Kirstie Gordon’s bid to become the first Scottish cricketer to lift a World Cup fell short as England were crushed by Australia in the Women’s World Twenty20 final in Antigua.

The 21-year-old from Huntly, in her first tournament since switching international allegiance last summer, finished as the joint-fifth highest wicket taker with eight scalps in five matches in the West Indies.

She was not out for one at the tail as the English batters collapsed for just 105. And Gordon failed to add to her victim count as the Aussies eased to an eight-wicket win to defend their crown, reaching 106/2 with over four overs to spare.

With a professional contract now secured, the challenge is to build on this taste of the big time, the spinner said.

“If you play at this level, you have to want to be the best,” Gordon admitted. “You have to keep striving. Otherwise you go backwards. Women’s cricket is evolving so quickly that you can’t think ‘great. I’ve got this far’. I’m still new to this.”

Yet her success is proof, she maintained, that the Scottish system can produce top players capable of excelling on the global stage. What is missing, she declared, is opportunity with the women’s Wildcats at even more of a disadvantage to their male counterparts in getting the resources to move up the rankings.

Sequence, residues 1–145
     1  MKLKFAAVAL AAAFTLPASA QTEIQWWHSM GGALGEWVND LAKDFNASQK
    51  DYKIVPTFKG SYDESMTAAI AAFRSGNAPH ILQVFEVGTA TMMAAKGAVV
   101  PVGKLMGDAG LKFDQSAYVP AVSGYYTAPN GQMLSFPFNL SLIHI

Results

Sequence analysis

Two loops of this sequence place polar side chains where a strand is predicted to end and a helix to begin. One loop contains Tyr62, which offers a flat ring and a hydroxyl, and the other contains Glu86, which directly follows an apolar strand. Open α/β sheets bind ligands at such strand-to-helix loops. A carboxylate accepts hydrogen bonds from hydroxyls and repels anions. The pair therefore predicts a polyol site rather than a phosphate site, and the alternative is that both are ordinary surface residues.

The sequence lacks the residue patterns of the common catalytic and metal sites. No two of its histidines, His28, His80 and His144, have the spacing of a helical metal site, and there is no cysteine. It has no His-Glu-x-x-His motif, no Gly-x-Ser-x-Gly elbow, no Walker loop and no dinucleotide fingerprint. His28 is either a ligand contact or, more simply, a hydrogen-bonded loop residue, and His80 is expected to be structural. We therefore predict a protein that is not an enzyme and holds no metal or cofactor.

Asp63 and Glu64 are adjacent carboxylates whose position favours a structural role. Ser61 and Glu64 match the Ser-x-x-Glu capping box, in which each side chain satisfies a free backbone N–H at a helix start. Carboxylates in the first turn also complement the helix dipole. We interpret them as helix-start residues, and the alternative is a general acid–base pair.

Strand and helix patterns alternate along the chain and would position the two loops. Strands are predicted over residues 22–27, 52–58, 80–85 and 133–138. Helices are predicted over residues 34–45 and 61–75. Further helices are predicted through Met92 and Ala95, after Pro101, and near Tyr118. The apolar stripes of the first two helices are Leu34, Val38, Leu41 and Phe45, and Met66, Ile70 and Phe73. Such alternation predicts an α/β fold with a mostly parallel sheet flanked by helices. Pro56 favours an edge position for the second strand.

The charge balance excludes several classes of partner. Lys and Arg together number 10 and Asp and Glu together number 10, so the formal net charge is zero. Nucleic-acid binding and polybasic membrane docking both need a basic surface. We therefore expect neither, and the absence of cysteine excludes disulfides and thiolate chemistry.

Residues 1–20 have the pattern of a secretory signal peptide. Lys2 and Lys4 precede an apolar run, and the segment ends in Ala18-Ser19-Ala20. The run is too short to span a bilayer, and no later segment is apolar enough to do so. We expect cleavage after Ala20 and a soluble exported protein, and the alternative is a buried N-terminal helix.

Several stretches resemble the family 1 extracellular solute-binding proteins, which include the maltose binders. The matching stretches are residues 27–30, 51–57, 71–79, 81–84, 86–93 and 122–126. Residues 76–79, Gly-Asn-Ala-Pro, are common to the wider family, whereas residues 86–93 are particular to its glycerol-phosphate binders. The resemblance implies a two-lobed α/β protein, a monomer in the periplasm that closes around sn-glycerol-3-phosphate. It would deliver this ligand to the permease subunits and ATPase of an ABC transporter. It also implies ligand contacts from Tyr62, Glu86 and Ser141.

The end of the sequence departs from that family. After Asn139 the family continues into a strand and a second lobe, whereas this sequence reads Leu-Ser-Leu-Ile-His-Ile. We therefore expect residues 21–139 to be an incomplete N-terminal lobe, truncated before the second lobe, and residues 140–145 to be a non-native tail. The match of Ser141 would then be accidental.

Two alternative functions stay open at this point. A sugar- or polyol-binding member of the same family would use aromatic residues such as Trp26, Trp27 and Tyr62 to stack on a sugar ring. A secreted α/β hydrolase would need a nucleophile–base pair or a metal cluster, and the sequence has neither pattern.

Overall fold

Gordon was a reluctant defector to England. “It’s a frustration. If I could have played professional cricket in Scotland, I would have.” It developed her well though. It was largely down the efforts of long-time Scots coach Kari Carswell, she added, that she has reached a point where a full-time career in cricket now beckons.

“I didn’t really have any role models until Kari,” Gordon said. “I’d only played with men and I did look up to them. But I didn’t think it was possible to achieve anything until Kari took me under her wing. She was in the England Under-19 setup. She is Scotland’s leading run scorer. She told me how she’d go own to the nets to hit balls. I did that in my garden, just bowling on my own. That paid off.”

Alyssa Healy was named Player of the Tournament with Australia capturing the World Twenty20 prize for a record fourth time.